Criminals are opportunists by nature. Think of the prowlers who wander city streets looking for unlocked car doors. Most aren’t smashing every window to see what they can find. But if someone is careless and forgets to lock their car, then the thieves have easy access to anything in the vehicle. This can be a horrible experience for an individual. Now imagine thieves taking the same approach not just on a block of cars, but on all the endpoints in your company. The keys to your kingdom may be just sitting there for anyone to cause damage. If it is that easy to break into a computer, then a whole lot more opportunists are going to come out of the woodwork.

Fifty-four percent of those surveyed had an average of five attacks on their organization over the past year costing an average of $1.8 million. The cascading effect of system downtime and disruptions in productivity are leaving organizations scrambling. The number of threats enterprise endpoints face today are far greater than any time in the past 20 years. The attacks are coming more often and do a lot more damage to an organization’s data, productivity, and reputation.

The number is only growing as enterprises add more and more endpoints. Sixty-one percent of survey respondents say that the number of endpoints they manage has grown 10-20 percent in the past two years. That’s a lot of unlocked car doors and it just takes one to wreak havoc on an organization.

Companies have attempted to manage these issues by throwing money at the problem. Twenty percent of the overall IT budget is dedicated to security (an average of $46.1m), but only 5% of the overall IT budget is spent on endpoint management (an average of $9.2m). Security solutions will not help an organization gain visibility over all their endpoints, nor will they keep devices up to date. They scan for attacks and fix the issue when found. What good is that $46 million budget if those security tools are only scanning 50% of your endpoints? You could increase that budget to $100 million – and your network will still be facing the same level of risks. This “solution” only extends an unsolved problem.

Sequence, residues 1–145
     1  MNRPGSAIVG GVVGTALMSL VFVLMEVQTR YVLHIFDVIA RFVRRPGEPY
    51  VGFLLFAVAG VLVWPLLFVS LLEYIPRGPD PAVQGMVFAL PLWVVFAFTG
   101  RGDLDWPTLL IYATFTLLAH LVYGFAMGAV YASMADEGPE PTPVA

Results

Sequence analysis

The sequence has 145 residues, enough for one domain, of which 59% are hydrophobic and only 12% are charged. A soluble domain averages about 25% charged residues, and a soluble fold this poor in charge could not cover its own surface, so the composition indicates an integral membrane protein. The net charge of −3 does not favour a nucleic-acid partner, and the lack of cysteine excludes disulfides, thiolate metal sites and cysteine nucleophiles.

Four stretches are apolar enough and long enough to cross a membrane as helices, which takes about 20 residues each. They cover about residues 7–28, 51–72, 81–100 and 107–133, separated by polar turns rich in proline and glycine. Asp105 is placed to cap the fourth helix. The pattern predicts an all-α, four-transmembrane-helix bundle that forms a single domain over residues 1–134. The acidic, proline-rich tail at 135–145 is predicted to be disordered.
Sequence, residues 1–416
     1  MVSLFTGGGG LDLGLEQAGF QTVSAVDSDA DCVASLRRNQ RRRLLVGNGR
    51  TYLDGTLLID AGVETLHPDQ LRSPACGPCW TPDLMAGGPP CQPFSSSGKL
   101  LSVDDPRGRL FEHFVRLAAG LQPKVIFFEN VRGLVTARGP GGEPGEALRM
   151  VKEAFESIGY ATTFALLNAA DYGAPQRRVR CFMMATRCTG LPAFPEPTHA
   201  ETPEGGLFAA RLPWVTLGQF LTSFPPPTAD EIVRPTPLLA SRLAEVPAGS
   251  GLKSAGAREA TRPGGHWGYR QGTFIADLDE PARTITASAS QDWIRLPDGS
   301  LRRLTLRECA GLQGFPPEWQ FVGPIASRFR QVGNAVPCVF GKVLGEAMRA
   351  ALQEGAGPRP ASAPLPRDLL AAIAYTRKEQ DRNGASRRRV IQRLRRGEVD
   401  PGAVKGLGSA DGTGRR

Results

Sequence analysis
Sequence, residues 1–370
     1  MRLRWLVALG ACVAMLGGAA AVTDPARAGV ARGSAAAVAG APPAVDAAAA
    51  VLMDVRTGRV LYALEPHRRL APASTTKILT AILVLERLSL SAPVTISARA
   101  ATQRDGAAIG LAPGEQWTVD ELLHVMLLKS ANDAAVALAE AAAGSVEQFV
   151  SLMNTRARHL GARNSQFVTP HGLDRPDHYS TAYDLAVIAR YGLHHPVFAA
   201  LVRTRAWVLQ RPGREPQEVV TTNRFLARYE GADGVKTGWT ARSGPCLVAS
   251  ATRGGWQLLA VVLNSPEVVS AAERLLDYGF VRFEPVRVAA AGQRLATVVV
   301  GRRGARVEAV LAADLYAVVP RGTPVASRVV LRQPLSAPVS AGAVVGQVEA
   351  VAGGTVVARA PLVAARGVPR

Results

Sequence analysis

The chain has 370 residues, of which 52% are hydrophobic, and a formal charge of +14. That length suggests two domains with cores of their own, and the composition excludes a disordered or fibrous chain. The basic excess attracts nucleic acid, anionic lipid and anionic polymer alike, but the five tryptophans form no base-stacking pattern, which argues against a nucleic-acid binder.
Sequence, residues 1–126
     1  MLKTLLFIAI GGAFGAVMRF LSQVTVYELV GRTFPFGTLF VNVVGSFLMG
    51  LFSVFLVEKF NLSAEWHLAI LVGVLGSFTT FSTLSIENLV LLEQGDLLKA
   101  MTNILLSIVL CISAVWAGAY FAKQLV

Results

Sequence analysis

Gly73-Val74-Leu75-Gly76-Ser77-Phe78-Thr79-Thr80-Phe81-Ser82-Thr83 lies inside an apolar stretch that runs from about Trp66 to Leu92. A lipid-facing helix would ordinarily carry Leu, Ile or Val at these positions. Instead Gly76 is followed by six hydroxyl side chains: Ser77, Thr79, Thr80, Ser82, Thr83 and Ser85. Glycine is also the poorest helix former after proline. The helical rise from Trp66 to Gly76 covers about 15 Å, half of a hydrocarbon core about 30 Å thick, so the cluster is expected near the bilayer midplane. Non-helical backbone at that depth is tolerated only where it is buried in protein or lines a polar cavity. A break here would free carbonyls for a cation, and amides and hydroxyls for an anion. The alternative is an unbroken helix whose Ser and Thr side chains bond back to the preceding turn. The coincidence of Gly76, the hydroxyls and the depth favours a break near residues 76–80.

Endpoint management needs actual automation

While automation has helped ease some of the workload, the Ponemon survey indicates that IT leaders claim it would only save a company 25% of the cost of a breach. While not insignificant, it’s not the mic drop you might expect. To understand where these respondents might be coming from, one must consider the kind of automation they have come to expect – which is essentially compiler software that just finds problems and reports back to the people. Then it is up to them to implement the fixes. This isn’t true automation. It sounds like the machines are just rounding up more work for the people to do.

Fundamentally, this workflow keeps people doing the repetitive tasks that should be offloaded to a computer. It doesn’t change the flat-footed, reactionary posture that IT has been trapped in for decades. IT needs tools that give them total and complete visibility over their endpoints, with real-time delivery of content to continuously keep them configured appropriately and up to date. This will plug what are currently gaping holes in the endpoint network to ensure no cheap shots get through an unpatched, or invisible device. Automation can get us there – but understandably the data shows that automation in endpoint management has only made minimal gains so far.

At Adaptiva, we have a solution to resolve these headaches for enterprise-level organizations. Our Adaptiva OneSite Platform combined with the endpoint management applications that it runs such as OneSite Anywhere, OneSite Health, and our forthcoming OneSite Patch solution ensures you are always prepared against attacks with instant updates and data deployments through our revolutionary edge cloud platform. There is a better way to take care of your endpoints and we can help.